Common voltage probe types:
Passive Probes are the most common, general purpose probe type. Designed to be durable and cost effective, passive voltage probes offer bandwidths to around 500MHz, a wide dynamic range and large input resistance in parallel with 10 – 15pF capacitive load.
The latest high-bandwidth passive voltage probes provide up to 1 GHz bandwidth with less than 4pF of capacitive loading. The extremely low capacitive loading reduces the adverse effects on circuits and is more forgiving of longer ground leads. And, with the probe’s wide bandwidth, you can see the high-frequency components in your signal which is critical for high-speed applications.
Active Single-Ended (FET) Probes provide a wide signal acquisition bandwidth and ensure reduced device under test loading. An active probe is the best choice when your application involves high-impedance, high-frequency circuit elements that demand minimal loading. DC offset capability allows you to use the probe’s full dynamic range when measuring AC signals in the presence of DC offset voltages.
Differential Probes enable the oscilloscope to display a complementary (differential) signal pair using a single channel. While a matched pair of single-ended probes may be used to make a differential measurement, a true differential probe typically gives higher performance, providing high CMRR, broad frequency range, and minimal time skew between inputs.
High Voltage Probes are used to safely and accurately capture real-time signal information from "elevated" or "floating" voltage systems High-voltage single-ended probes enable users to make ground-referenced, high-voltage measurements while high-voltage differential probes measure signals that are referenced to each other instead of ground.
Choosing the Right Probe
Because of the wide range of oscilloscope measurement applications and needs, there’s also a broad selection of oscilloscope probes on the market. This can make probe selection a confusing process.
To narrow the selection process, always follow the oscilloscope manufacturer’s recommendations for probes. This is important because different oscilloscopes are designed for different bandwidth, rise time, sensitivity, and input impedance considerations. Taking full advantage of the oscilloscope’s measurement capabilities requires a probe that matches the oscilloscope’s design considerations.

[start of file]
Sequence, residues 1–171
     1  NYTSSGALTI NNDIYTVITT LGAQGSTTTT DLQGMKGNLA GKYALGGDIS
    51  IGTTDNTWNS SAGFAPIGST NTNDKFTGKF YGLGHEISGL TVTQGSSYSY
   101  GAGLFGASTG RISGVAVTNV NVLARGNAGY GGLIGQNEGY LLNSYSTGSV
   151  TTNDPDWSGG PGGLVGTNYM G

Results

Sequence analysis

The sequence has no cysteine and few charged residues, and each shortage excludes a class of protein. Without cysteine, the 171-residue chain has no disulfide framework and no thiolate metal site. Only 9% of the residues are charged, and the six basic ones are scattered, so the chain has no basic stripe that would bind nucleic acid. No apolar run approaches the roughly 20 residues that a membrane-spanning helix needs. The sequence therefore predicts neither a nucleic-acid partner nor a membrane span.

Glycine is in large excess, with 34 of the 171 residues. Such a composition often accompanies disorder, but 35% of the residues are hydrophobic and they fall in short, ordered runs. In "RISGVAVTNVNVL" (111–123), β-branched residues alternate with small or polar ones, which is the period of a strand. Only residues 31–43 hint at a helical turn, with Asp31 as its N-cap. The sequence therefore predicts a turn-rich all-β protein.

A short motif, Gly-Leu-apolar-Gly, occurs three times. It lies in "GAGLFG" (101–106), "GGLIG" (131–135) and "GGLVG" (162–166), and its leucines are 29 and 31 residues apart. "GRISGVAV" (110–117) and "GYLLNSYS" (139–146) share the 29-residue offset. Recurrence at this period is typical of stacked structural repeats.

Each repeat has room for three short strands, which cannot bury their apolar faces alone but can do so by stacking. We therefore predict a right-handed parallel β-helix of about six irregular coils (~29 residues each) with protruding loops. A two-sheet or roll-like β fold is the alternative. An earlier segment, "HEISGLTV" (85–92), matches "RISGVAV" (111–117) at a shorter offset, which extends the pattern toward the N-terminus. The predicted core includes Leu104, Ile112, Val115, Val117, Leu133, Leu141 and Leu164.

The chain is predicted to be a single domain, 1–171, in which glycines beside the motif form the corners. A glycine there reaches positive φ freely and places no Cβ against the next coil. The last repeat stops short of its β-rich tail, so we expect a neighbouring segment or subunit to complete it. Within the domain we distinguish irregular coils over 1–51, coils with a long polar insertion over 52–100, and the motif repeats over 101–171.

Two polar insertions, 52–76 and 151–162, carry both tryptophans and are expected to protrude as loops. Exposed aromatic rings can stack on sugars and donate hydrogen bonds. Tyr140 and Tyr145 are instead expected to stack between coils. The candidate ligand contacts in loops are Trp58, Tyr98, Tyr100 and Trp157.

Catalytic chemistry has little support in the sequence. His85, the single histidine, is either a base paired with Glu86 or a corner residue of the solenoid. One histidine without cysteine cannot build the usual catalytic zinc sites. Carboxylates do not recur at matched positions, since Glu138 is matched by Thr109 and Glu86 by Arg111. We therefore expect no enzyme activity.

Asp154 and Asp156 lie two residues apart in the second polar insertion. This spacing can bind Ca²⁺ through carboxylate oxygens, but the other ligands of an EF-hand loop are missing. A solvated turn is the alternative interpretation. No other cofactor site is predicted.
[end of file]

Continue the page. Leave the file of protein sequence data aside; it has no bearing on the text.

Additionally, the probe selection process should include consideration of your measurement needs. What are you trying to measure? Voltages? Current? RF Power? An optical signal?
By selecting a probe that is appropriate to your signal type, you can get direct measurement results faster. Also, consider the amplitudes of the signals you are measuring. Are they within the dynamic range of your oscilloscope? If not, you’ll need to select a probe that can adjust dynamic range. Generally, this will be through attenuation with a 10X or higher probe.
Make sure that the bandwidth, or rise time, at the probe tip exceeds the signal frequencies or rise times that you plan to measure. Always keep in mind that non-sinusoidal signals have important frequency components or harmonics that extend well above the fundamental frequency of the signal. For example, to fully include the 5th harmonic of a 100 MHz square wave, you need a measurement system with a bandwidth of 500 MHz at the probe tip. Similarly, your oscilloscope system’s rise time should be three to five times faster than the signal rise times that you plan to measure.
And always take into account possible signal loading by the probe. Look for high-resistance, low-capacitance probes. A 10 MΩ probe with 10 pF or less capacitance is good enough for many applications, but for high-speed digital circuits you may need to move to the lower tip capacitance offered by active probes.
Author: Trevor J. Smith, Technical Marketing Manager, Tektronix